On December 11, 2009 the Program on America and the Global Economy of the Woodrow Wilson Center hosted a group of international trade experts to discuss the future of U.S. trade policy as it relates to the new administration and how it could impact both the U.S. and the global economy. The event began with introductory remarks made by the Director of the Program on America and the Global Economy, Kent Hughes, who moderated the event.
First on the panel to speak was the International Economics Columnist for the National Journal, Bruce Stokes. Stokes, in addition to being a columnist, is also an author, an editor, and a Transatlantic Fellow at the German Marshall Fund. After touching on a number of pressing issues in U.S. trade policy, Stokes proceeded to highlight the importance of the current account deficit. Recently at 6% of GDP, Stokes emphasized the need for the current account deficit to drop to 3% of GDP in order for the U.S. to fully take advantage of international trading opportunities.
Following Stokes on the panel was Terence P. Stewart. Stewart, editor of the book, Opportunities and Obligations: New Perspectives on Global and US Trade Policy, and the Managing Partner of Stewart and Stewart, a law firm that focuses on international trade and customs law, focused his remarks on the Doha Round of trade negotiations and how they might be brought to a successful close. While the Round has proceeded with varying degrees of progress throughout its existence, Stewart maintained that it could still be concluded successfully if portrayed in the right light to the public at large. Stewart also argued that while a number of emerging markets have seen an increase in their negotiating power, there is "Not of a lot of leadership from the new countries that have a seat at the table."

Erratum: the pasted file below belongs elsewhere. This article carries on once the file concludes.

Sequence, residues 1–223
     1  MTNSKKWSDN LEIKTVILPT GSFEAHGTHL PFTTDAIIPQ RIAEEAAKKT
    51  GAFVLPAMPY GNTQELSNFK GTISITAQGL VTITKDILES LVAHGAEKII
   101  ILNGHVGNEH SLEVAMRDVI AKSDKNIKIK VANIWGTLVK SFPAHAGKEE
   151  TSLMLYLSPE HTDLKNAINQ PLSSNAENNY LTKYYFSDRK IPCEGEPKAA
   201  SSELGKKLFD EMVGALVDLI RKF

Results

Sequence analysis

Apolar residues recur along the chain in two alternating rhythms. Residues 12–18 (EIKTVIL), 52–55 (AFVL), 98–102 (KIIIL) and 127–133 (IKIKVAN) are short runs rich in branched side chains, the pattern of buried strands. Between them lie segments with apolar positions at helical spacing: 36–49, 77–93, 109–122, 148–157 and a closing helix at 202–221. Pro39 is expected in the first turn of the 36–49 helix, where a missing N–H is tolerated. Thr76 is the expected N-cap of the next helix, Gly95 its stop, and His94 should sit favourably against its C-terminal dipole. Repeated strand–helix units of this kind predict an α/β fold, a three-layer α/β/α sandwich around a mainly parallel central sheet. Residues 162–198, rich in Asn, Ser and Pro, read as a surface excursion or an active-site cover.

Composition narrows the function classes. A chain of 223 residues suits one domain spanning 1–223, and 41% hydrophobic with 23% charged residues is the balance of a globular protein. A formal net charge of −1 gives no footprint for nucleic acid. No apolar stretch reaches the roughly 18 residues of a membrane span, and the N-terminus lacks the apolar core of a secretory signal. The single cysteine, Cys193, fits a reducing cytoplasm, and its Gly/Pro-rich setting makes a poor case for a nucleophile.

Next to speak was Jason Kearns, Trade Counsel for the House Subcommittee on Trade within the Ways & Means Committee. Kearns approved the following summary of his off the record remarks; he provided a congressional perspective on a range of trade policy issues of the day, from the Trans-Pacific Partnership Agreement, to "Buy American" requirements, currency manipulation, and concerns over global trade imbalances.
The final panelist to speak was Bloomberg News trade reporter Mark Drajem. Drajem, who has reported from locations around the world, including India and Pakistan, argued that our current trade policy has stalled. According to Drajem, the current round of trade negotiations has stalled and suffers from a perception problem due to the repeated delays. Drajem also posited that it could be worthwhile to step back and more accurately assess the value of any proposed trade deals before entering into any new agreements.
While each panelist provided a unique perspective and focused on a specific issue as it relates to U.S. trade policy, one thing that all the panelists could agree upon was the fact that America could benefit from a substantive discussion on trade policy. Stewart remarked that, "We haven't had a serious debate in Congress on trade policy in twenty years." In summarizing the event, Hughes noted that that the discussion was in keeping with the mission of the Wilson Center to bring together scholars and academics with policy makers in order to find common solutions to important public policy issues.
By Clark Taylor
Kent Hughes, Director, Program on America and the Global Economy